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Pierce v. Dep't of Corrections
July 11, 2008
CARL PIERCE, APPELLANT,
DEPARTMENT OF CORRECTIONS, RESPONDENT.
On appeal from Department of Corrections.
NOT FOR PUBLICATION WITHOUT THE APPROVAL OF THE APPELLATE DIVISION
Before Judges Skillman and Winkelstein.
Appellant Carl Pierce appeals from a final decision of respondent Department of Corrections, which adjudicated that he had committed disciplinary infractions .701, the unauthorized use of mail or telephone; .702, unauthorized contacts with the public; *803/*.002, attempting to commit an assault or assaulting a person; and *.005, threatening bodily harm. These disciplinary infractions were based on appellant's placing three-way telephone calls to persons outside East Jersey State Prison soliciting the commission of an aggravated assault upon a person outside the prison in exchange for the payment of $2,000 and threatening to kill numerous other persons upon his release from prison.
Appellant presents the following arguments:
I. APPELLANT PIERCE WAS DENIED HIS FEDERAL AND STATE CONSTITUTIONAL RIGHTS TO DUE PROCESS AND FUNDAMENTAL FAIRNESS, WHEN THE HEARING OFFICER ARBITRARILY AND CAPRICIOUSLY DENIED HIM OF HIS CONSTITUTIONAL AND PROTECTED RIGHT TO CONFRONT AND CROSS-EXAMINE ANY/ALL STATE WITNESSES THAT ARE AGAINST HIM AND OF HIS CONSTITUTIONAL AND PROTECTED RIGHT TO CALL ANY/ALL DEFENSE WITNESSES WHO MAY DESIRE TO TESTIFY ON HIS BEHALF.
II. APPELLANT PIERCE WAS DENIED HIS FEDERAL AND STATE CONSTITUTIONAL RIGHTS TO DUE PROCESS AND FUNDAMENTAL FAIRNESS WHEN THE HEARING OFFICER ERRONEOUSLY FAILED TO DISCLOSE EVIDENCE CRITICAL TO THE DEFENSE AND BLATANTLY DENIED TO DISCLOSE THE NAME OF THE ALLEGED VICTIM TO APPELLANT.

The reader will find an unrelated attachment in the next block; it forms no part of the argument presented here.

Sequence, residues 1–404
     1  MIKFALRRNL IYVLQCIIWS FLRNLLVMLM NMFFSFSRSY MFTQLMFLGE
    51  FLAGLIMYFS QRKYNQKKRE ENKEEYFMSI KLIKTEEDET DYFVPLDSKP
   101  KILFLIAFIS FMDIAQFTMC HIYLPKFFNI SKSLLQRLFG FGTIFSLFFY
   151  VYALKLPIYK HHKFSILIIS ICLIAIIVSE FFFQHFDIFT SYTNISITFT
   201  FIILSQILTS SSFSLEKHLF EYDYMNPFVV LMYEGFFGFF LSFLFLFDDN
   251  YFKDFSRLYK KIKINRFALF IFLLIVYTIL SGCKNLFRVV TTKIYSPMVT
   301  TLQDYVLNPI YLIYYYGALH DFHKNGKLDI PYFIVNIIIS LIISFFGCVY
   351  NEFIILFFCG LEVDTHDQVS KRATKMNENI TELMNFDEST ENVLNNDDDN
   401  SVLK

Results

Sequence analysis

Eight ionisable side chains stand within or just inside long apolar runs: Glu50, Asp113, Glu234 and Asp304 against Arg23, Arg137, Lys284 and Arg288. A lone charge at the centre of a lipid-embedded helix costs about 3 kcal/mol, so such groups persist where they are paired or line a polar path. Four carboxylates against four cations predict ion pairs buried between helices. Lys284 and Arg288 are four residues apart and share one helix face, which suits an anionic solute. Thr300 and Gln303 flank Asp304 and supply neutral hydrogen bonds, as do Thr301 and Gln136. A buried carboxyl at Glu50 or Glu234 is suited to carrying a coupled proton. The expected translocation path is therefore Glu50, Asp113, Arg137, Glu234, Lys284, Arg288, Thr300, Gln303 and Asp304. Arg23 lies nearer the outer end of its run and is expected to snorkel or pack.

Appellant's arguments are clearly without merit and only warrant brief discussion. R. 2:11-3(e)(1)(E). Although appellant claims he was denied the opportunity to cross-examine the proposed target of the aggravated assault he solicited, appellant declined the opportunity to confront/cross-examine adverse witnesses. In any event, the proposed target was not a witness to the disciplinary infractions. The primary evidence of those infractions was a tape recording of the telephone conversations in which appellant solicited the commission of the aggravated assaults and threatened to kill other persons.
Appellant has not presented any argument regarding the admission of the tape recording into evidence or his opportunity to rebut that evidence. We also note that the investigatory reports appellant alleges were not provided to him essentially summarized the contents of the tape recording that was played at the administrative hearing.
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